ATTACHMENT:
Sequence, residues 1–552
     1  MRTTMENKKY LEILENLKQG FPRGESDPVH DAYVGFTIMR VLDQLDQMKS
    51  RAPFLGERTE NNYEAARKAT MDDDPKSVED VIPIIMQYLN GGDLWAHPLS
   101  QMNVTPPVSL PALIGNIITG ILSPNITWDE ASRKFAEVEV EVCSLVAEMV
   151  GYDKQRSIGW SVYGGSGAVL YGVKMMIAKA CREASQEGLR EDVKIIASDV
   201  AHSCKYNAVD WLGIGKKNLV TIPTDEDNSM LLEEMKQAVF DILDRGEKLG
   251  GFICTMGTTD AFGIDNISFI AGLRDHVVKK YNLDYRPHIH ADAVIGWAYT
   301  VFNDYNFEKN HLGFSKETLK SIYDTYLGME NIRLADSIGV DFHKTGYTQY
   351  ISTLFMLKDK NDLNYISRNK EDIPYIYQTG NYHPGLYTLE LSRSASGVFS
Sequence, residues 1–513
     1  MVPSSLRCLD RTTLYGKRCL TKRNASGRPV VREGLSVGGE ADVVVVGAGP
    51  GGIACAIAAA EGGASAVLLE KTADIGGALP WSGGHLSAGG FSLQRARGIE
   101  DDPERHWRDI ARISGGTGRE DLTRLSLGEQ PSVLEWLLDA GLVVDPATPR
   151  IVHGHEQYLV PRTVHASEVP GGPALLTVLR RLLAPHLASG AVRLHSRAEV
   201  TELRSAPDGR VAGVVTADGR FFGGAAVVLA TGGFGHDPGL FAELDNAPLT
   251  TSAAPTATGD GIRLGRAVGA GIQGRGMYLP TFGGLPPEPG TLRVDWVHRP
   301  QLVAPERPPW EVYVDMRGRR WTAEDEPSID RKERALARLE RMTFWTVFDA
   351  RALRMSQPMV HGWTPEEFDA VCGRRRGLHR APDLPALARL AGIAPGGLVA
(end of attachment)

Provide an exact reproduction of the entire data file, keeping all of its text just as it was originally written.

Sequence, residues 1–552
     1  MRTTMENKKY LEILENLKQG FPRGESDPVH DAYVGFTIMR VLDQLDQMKS
    51  RAPFLGERTE NNYEAARKAT MDDDPKSVED VIPIIMQYLN GGDLWAHPLS
   101  QMNVTPPVSL PALIGNIITG ILSPNITWDE ASRKFAEVEV EVCSLVAEMV
   151  GYDKQRSIGW SVYGGSGAVL YGVKMMIAKA CREASQEGLR EDVKIIASDV
   201  AHSCKYNAVD WLGIGKKNLV TIPTDEDNSM LLEEMKQAVF DILDRGEKLG
   251  GFICTMGTTD AFGIDNISFI AGLRDHVVKK YNLDYRPHIH ADAVIGWAYT
   301  VFNDYNFEKN HLGFSKETLK SIYDTYLGME NIRLADSIGV DFHKTGYTQY
   351  ISTLFMLKDK NDLNYISRNK EDIPYIYQTG NYHPGLYTLE LSRSASGVFS
Sequence, residues 1–513
     1  MVPSSLRCLD RTTLYGKRCL TKRNASGRPV VREGLSVGGE ADVVVVGAGP
    51  GGIACAIAAA EGGASAVLLE KTADIGGALP WSGGHLSAGG FSLQRARGIE
   101  DDPERHWRDI ARISGGTGRE DLTRLSLGEQ PSVLEWLLDA GLVVDPATPR
   151  IVHGHEQYLV PRTVHASEVP GGPALLTVLR RLLAPHLASG AVRLHSRAEV
   201  TELRSAPDGR VAGVVTADGR FFGGAAVVLA TGGFGHDPGL FAELDNAPLT
   251  TSAAPTATGD GIRLGRAVGA GIQGRGMYLP TFGGLPPEPG TLRVDWVHRP
   301  QLVAPERPPW EVYVDMRGRR WTAEDEPSID RKERALARLE RMTFWTVFDA
   351  RALRMSQPMV HGWTPEEFDA VCGRRRGLHR APDLPALARL AGIAPGGLVA